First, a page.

As the 2.5-litre Ford Duratec warms, you have the chance to grasp the more prosaic elements of the driving experience. Over-the-shoulder visibility would be superb if only the harness would permit such an act. T-junctions are therefore tricky. The tiny side mirrors, held out on stalks, are useful at a trundle, but the car’s ferocious, high-frequency vibrations, which also find their way unfiltered into your sternum, render them largely decorative as the pace quickens. Using them is like trying to sip a cup of tea while running. This car’s competition DNA is also detectable in the unassisted steering’s 1.7-turns lock to lock, and so five-point turns are the norm. Also important is to dip the clutch when changing gear at lower engine speeds (don’t fret, flat upshifts will ensue), just to give the Hewland-sourced six-speed sequential a bit of help. It is, after all, pneumatically operated and lifted straight from a Formula 3 car, for which the body and suspension take-up points are still visible.
There is nothing at all prosaic about the way a BAC Mono goes down a road once your confidence and familiarity have reached a certain level. In fairness, this doesn’t take long, because the precision shot through the controls and the car’s resulting range of responses gives you the unmistakable impression of a device that’s geared 1:1. You call, it responds. It’s noisy, and there is wind buffeting, but even next to something as pure as a 911 GT3 RS, the Mono feels astonishingly lean and alert, which seems a ridiculous comment to make but one that is undeniably true. Very quickly you appreciate the wonderfully articulate way in which the conversation between that 305bhp motor and such an exact suspension set-up plays out. As the driver, you play the puppeteer – a sensation amplified by the airborne feeling imparted by sitting so close to the road and in full bathtub repose.
Mind you, on a day like this the Mono certainly isn’t a car in which to go blithely chasing the throttle and an 8000rpm redline. Grip levels are high but the chassis’ inherent stiffness means the front can struggle for purchase in the wet; failure to rev-match on the way into slower corners can also have the lightning-quick gearbox initiate a brutal clutch-kick that spits the rear axle sideways. Much of the car’s mass is inboard so any weight transfer is incisive – and just waiting to catch you out. Such a tight steering rack also demands accuracy with throttle inputs when you’re pressing on. This is a task made simpler and more enjoyable without the corrupting effects of turbocharging, but the point is that while the Mono is a toy, you need to respect both the machine and the conditions.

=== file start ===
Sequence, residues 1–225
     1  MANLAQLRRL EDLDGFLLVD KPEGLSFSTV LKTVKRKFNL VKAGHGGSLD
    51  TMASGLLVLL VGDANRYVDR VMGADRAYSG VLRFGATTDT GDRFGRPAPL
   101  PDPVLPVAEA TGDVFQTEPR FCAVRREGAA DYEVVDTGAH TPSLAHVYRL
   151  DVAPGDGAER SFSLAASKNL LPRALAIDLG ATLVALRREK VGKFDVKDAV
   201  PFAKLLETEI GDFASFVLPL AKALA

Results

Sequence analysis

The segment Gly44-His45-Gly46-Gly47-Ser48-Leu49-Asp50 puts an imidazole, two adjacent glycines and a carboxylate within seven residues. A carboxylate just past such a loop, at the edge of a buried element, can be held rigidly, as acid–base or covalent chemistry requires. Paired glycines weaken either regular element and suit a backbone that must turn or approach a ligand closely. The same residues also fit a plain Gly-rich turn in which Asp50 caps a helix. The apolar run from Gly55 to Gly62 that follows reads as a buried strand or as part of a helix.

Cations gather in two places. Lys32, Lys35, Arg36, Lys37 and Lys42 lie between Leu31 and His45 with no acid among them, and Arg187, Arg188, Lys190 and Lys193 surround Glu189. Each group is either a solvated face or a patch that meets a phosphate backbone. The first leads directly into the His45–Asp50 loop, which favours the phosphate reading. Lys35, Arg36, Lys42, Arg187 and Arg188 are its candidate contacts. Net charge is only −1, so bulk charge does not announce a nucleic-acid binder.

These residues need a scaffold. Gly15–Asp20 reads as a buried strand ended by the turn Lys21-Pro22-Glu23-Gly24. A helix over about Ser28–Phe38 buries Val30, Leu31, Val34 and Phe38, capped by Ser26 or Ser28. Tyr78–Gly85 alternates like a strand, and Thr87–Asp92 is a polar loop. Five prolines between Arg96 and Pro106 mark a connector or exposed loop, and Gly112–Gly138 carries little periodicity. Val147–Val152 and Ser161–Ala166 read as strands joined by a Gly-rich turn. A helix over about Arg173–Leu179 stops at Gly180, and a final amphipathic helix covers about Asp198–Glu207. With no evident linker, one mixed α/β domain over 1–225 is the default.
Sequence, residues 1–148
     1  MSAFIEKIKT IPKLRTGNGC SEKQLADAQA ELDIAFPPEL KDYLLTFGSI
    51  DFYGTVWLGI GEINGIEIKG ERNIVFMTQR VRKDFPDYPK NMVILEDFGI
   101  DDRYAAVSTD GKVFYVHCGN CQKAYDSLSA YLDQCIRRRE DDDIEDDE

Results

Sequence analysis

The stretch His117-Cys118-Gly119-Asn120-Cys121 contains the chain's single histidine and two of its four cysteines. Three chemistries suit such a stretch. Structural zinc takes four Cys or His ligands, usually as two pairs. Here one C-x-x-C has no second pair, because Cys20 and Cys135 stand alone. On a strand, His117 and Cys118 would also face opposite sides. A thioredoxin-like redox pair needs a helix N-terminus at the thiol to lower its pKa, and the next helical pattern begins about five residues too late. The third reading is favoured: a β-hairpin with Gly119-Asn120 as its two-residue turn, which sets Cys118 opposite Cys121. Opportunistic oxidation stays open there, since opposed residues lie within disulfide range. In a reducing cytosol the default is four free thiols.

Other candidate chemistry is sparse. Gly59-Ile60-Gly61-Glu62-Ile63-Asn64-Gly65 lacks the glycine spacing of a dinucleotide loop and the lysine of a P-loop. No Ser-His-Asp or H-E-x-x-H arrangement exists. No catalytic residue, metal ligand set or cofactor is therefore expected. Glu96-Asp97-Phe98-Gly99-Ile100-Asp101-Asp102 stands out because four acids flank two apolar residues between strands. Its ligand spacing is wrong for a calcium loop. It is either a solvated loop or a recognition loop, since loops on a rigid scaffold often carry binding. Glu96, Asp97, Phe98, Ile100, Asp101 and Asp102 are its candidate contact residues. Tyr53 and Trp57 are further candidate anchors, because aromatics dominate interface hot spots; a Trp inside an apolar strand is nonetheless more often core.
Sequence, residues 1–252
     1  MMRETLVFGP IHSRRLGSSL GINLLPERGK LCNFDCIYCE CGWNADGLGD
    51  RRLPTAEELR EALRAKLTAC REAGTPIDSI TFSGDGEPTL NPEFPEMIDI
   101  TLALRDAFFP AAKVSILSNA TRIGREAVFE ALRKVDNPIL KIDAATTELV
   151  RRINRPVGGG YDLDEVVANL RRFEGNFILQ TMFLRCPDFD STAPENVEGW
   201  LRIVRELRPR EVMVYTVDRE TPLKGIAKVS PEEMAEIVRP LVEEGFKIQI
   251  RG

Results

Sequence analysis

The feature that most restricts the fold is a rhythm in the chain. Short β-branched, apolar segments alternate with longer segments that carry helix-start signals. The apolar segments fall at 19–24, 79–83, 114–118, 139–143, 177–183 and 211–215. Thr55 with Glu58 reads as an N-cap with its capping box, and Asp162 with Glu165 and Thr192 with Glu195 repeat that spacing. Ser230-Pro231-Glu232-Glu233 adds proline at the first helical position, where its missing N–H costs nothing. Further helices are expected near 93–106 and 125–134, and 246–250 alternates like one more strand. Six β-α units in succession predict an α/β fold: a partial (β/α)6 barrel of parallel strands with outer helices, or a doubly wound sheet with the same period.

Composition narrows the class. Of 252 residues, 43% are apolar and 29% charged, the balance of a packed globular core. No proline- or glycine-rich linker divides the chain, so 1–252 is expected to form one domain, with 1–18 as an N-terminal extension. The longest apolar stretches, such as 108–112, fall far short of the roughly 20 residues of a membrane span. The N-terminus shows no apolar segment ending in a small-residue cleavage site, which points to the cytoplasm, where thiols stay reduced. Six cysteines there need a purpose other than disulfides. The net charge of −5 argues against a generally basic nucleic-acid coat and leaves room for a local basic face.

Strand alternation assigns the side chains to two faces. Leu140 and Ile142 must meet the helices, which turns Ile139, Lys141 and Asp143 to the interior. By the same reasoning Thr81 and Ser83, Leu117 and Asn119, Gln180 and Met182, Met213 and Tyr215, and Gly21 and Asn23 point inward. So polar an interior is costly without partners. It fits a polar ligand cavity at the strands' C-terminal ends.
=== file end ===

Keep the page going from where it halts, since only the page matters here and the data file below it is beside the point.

Outright performance is top drawer, at 2.7sec to 60mph and 170mph flat out, although the Mono never feels quite as quick as the latest Atom. Granted, that’s like saying Van Halen never quite matched up to Page. Both cars are blisteringly fast – enough to leave you literally gasping – but if the Ariel’s handling is also the more expressive on the road, then the single-seater’s method is that much more intense. Pedals, paddles, steering: each is beautifully positioned and weighted. It means the economy of movement achievable at speed is not only absorbing but also an utter joy, and can flatter the driver with the impression – false or otherwise – that you’re really working a formula car. On a dry circuit, away from the corrupting influence of ruts, cambers, mud smears, your slack-jawed fellow motorists and the need to keep things reasonably sensible, the Mono must be sublime. It’s something we’ll look to confirm with a full road test and track telemetry next year. On this evidence, though, no hypercar’s lap time looks safe.
The BAC Mono costs £167,940 before options, but because the conception is so extraordinary you’ll struggle to find a less expensive alternative. A second-hand Formula Ford qualifies but you’re limited to track days. And while both are single-seaters, in terms of finish the striking Mono is chateaubriand to the racer’s burger-van patty. A Caterham 620R or the Ariel give nothing away in performance but don’t mentally teleport you onto a formula grid every time you climb aboard. A Ducati Panigale? That’s the thrill level we’re taking about, but this is Autocar not Autobike. Best start saving.
It shouldn’t surprise us that such a unique product ends up around the world, but BAC says four of its cars have ended up as far afield as Mexico, where their owners use them on the road. Bravo. RL
Engine 4 cyls in line, 2488cc, petrol
Power 305bhp at 7800rpm
Torque 227bhp at 6000rpm
Gearbox 6-spd sequential
Dry weight 580kg
Top speed 170mph
CO2, tax band na
Rivals Ariel Atom 4, Lotus 3-Eleven